Excellence Two – Mini Monitor Construction Update5!

December 4, 2011 Posted by gornir


I’ve begun with the cross-over simulations based on the frequency measurements I did last weekend. So far everything is going well and it was quite easy to simulate the first prototype cross-over design, which I will build, measure and listen to.

There are a couple of challenges to deal with in this design. First of all the mid-woofer cone break-up needs to be taken care of properly. I will use steep cross-over slopes (24dB/octave acoustical) and a notch filter to reduce the 10kHz break-up mode.

I’m not fully satisfied with the conventional LCR notch approach, instead I will try an alternative method to deal with the break-up and to reduce the complexity of the filter. Distortion measurements and listening tests will decide which method I will use.

Second, I have to deal with the tweeters rising top-end response and how much attenuation it needs in order to get a well-balanced sound that doesn’t sound to bright, but still manage to present an open and airy sound.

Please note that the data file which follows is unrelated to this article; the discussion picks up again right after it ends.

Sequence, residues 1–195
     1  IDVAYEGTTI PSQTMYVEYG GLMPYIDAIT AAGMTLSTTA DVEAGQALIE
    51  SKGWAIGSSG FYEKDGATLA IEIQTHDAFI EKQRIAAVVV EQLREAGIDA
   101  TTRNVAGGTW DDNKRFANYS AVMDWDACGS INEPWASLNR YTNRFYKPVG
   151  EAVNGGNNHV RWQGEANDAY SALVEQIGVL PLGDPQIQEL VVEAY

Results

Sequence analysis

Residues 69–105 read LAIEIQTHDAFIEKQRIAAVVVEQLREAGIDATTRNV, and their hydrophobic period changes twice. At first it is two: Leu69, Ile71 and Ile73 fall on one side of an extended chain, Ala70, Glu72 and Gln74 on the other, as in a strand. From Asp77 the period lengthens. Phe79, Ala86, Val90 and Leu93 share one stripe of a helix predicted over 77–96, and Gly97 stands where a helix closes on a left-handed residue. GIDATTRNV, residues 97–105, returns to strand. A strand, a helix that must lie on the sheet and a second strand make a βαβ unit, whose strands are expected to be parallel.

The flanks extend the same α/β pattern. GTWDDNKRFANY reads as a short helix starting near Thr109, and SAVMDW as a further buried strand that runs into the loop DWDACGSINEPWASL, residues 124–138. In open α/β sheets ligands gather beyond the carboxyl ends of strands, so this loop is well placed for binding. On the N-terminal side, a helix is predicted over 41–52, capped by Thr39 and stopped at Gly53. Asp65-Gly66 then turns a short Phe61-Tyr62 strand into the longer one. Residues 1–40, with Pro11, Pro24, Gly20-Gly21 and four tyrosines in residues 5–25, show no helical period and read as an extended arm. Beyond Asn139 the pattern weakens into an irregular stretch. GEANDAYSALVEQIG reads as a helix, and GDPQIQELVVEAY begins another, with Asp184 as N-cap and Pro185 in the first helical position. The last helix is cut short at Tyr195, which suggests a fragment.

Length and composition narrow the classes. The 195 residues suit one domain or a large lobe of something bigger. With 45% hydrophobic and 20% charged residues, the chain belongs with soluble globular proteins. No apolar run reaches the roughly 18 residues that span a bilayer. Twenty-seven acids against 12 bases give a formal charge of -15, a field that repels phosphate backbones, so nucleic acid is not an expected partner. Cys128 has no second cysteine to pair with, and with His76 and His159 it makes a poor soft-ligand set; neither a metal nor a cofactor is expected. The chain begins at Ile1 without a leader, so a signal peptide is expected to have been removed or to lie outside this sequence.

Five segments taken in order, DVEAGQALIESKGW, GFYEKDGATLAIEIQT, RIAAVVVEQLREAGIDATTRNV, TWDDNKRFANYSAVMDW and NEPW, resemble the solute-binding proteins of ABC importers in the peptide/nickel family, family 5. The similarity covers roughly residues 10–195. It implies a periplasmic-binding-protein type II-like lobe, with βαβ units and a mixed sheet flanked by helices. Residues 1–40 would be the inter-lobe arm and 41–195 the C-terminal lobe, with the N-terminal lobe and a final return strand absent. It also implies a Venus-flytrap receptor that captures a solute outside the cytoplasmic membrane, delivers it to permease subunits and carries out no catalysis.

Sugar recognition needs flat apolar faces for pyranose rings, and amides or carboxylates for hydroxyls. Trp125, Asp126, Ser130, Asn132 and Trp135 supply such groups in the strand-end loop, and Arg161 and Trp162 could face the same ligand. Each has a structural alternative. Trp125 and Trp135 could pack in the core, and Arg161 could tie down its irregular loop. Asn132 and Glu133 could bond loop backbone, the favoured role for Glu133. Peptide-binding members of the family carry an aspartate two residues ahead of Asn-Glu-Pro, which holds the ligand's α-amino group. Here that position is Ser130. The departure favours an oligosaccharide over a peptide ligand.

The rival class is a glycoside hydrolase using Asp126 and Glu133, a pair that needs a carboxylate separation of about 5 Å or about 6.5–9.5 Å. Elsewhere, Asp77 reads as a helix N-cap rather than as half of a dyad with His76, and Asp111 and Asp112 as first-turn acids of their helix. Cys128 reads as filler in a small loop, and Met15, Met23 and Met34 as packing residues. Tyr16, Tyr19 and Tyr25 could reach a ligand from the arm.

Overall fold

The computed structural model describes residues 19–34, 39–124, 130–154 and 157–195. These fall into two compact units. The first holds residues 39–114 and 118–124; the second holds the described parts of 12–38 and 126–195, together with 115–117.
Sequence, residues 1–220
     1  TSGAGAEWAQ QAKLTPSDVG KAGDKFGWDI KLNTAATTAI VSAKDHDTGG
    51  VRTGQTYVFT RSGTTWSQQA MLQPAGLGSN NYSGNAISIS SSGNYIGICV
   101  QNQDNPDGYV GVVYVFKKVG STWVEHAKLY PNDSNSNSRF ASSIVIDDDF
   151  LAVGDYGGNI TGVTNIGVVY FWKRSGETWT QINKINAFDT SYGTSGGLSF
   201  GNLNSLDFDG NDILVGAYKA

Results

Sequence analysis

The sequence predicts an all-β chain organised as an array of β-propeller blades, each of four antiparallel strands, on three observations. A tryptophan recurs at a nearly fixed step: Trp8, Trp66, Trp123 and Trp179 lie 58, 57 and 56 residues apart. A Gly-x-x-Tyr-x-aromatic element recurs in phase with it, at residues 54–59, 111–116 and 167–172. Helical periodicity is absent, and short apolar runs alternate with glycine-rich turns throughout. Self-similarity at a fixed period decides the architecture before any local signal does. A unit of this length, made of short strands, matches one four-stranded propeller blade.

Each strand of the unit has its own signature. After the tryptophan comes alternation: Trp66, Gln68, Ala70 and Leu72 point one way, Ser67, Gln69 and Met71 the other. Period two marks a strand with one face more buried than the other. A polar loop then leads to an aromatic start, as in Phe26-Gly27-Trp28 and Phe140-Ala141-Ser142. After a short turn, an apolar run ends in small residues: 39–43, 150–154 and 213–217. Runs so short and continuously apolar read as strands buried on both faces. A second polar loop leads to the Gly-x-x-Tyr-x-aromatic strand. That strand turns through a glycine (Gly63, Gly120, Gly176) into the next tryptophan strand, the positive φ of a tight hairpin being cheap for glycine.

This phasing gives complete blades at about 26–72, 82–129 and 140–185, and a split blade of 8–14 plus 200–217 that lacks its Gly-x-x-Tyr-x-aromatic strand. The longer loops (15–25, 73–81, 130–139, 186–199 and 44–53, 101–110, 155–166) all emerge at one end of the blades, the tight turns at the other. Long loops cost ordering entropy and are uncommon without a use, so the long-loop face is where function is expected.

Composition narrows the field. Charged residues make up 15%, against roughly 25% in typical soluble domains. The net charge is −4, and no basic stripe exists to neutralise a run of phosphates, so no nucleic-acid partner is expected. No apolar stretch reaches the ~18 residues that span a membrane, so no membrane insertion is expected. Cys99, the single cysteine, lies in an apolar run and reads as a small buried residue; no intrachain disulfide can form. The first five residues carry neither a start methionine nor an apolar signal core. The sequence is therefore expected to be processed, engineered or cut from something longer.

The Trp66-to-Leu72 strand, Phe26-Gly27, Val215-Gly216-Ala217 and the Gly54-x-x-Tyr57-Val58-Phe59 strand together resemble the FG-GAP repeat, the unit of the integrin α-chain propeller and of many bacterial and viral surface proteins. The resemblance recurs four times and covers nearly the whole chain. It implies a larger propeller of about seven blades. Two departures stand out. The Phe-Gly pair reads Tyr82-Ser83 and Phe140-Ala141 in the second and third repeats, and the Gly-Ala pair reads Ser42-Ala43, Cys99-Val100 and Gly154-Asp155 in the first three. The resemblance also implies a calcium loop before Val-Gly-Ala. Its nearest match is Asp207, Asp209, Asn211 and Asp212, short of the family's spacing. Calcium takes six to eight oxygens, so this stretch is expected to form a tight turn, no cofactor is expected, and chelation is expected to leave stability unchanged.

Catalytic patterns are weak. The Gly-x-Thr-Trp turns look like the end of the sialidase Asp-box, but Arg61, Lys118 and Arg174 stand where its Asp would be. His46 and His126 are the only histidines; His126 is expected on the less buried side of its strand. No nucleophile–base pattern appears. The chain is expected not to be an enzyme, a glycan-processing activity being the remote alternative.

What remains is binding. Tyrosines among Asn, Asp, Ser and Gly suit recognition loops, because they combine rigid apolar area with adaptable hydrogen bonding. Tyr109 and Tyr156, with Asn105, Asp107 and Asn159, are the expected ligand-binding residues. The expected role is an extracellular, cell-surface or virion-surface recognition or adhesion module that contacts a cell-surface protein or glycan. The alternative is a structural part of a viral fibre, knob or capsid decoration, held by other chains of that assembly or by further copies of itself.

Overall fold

Left: On-axis Right: 15deg off-axis

Left: 22.5deg off-axis Right: Individual driver phase integration


The 1m measurement indicates that the mid-woofer relative acoustic off-set is approximately 25mm (1”) compared to the tweeter.

The cross-over simulation is optimized for the 15deg off-axis measurement and at a 2.5m listening distance.

As can been seen I’ve used almost a full baffle-step compensation and the sensitivity is about 81dB 2.83v/1m. Not exactly a high sensitivity design, but as expected when using such a small mid-woofer for woofer duties and not only for mid-range duties.

The mid-woofers cone break-up at 10kHz is well suppressed and the 13.5kHz and higher break-ups is suppressed by 45-50dB and should be off the audible radar.

The cross-over frequency occurs at 2100Hz and the phase integration between the mid-woofer and the tweeter is superb.

The tweeter has a rising top-end at the 0deg, on-axis frequency response and it’s still visible from 15kHz at the 15deg off-axis frequency response. Listening tests will decide if the tweeter needs more attenuation.

Personally I like when the on-axis response has a somewhat rising top-end, since it often contributes to a greater 3-D perspective and soundstage. However, to avoid an overly bright sound characteristic this calls for a non toe-in loudspeaker setup.

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